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Matsuda, Y. Electrical Trap-and-Kill Fly Traps Using Electrified Insulated Conductors. Encyclopedia. Available online: https://encyclopedia.pub/entry/20187 (accessed on 13 June 2024).
Matsuda Y. Electrical Trap-and-Kill Fly Traps Using Electrified Insulated Conductors. Encyclopedia. Available at: https://encyclopedia.pub/entry/20187. Accessed June 13, 2024.
Matsuda, Yoshinori. "Electrical Trap-and-Kill Fly Traps Using Electrified Insulated Conductors" Encyclopedia, https://encyclopedia.pub/entry/20187 (accessed June 13, 2024).
Matsuda, Y. (2022, March 04). Electrical Trap-and-Kill Fly Traps Using Electrified Insulated Conductors. In Encyclopedia. https://encyclopedia.pub/entry/20187
Matsuda, Yoshinori. "Electrical Trap-and-Kill Fly Traps Using Electrified Insulated Conductors." Encyclopedia. Web. 04 March, 2022.
Electrical Trap-and-Kill Fly Traps Using Electrified Insulated Conductors
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Electrostatic insect exclusion is a physical approach to pest control in which an apparatus forming an electric field (EF) is applied to capture pests. The EF producer consisted of a negatively charged polyvinyl chloride membrane-insulated iron plate (N-PIP) and a non-insulated grounded iron plate (GIP) paralleled with the N-PIP. An EF was formed in the space between the plates. The magnitude of electric current from the fly was voltage-dependent, and detrimental effects caused by electricity release became more apparent as the applied voltage increased. Bioelectrical measurements showed that electric current caused acute damage and delayed the death of captured flies. 

electric field producer electricity release repulsive force

1. Introduction

Electrostatic insect exclusion is a physical pest-control approach in which an apparatus forming an electric field (EF) is applied to capture pests. Previous studies have clarified the insect-capture mechanisms of such tools and evaluated their practicality. Some EF-producing pest-capture systems consist of a negatively charged insulated conductor (metal wire or plate) paralleled with a grounded non-insulated conductor; an EF is generated in the space between them [1]. Electrostatic insect traps were designed to target small, flying insect pests that can pass through conventional insect-proof nets with mesh sizes of 1–1.5 mm. The first designs consisted of an EF screen comprising a layer of insulated conductor wires arrayed in parallel at definite intervals and a parallel grounded metal net [2]. This apparatus was installed on lateral greenhouse windows to prevent pest entry [3][4]. The EF screen technique has been applied in an electrostatic nursery shelter to protect tomato seedlings from whiteflies, leaf miners, aphids, and thrips in an open-window greenhouse environment [5], a portable electrostatic insect sweeper to trap whiteflies colonizing host plants [6], and an electrostatic seedbed cover to capture leaf miners emerging from underground pupae [7]. In this system, a negative voltage generator picks up negative charge from the ground and supplies it to a linked insulated conductor that accumulates negative charge at its outer surface, dielectrically polarizing the insulator cover to generate the negative charge [8]. This negative charge positively polarizes a grounded conductor through electrostatic induction [9]. These opposite charges generates an EF in the space between the opposite poles (i.e., the negatively charged insulated and positively charged grounded conductors).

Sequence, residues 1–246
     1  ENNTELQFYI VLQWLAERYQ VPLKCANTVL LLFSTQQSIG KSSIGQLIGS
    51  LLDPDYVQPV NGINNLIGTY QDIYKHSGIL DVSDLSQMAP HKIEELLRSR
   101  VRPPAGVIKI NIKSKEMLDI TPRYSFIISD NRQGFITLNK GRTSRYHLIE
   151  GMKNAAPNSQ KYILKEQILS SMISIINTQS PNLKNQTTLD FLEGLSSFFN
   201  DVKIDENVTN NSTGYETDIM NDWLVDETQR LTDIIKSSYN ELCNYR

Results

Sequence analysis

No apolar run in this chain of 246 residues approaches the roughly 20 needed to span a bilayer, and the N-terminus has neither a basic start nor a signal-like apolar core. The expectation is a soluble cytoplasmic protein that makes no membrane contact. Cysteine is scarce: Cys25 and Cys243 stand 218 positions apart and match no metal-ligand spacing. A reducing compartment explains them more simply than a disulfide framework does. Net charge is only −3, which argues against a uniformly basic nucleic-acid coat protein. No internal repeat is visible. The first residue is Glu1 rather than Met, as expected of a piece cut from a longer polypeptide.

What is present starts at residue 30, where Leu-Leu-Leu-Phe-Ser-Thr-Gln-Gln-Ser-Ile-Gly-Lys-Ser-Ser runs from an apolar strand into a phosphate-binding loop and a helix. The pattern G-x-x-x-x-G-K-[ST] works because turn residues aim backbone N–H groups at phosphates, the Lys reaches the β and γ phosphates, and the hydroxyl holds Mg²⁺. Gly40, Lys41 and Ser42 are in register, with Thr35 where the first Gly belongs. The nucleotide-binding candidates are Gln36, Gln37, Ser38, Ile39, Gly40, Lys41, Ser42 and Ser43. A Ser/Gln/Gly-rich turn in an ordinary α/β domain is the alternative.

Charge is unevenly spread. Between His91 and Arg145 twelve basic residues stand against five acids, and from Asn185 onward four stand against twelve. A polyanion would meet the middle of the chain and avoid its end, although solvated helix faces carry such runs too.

Charged poles within the EF generate an attractive or repulsive force to other charges in the field [10]; these forces may be involved in insect capture within the apparatus [11][12][13]. The negatively charged insulated conductor pushes free electrons (negative electricity) out of an insect that enters the EF and sends them to the ground via a grounded conductor; such events are detected as a transient electric current from the insect. It can be hypothesized that the insect is subjected to discharge-mediated positive electrification and then attracted to the negatively charged conductor [1]. The force generated during this process is sufficiently strong to prevent insects from escaping the trap, making the electrostatic insect trap practically applicable for a wide range of insect pests [14].

2. EF Production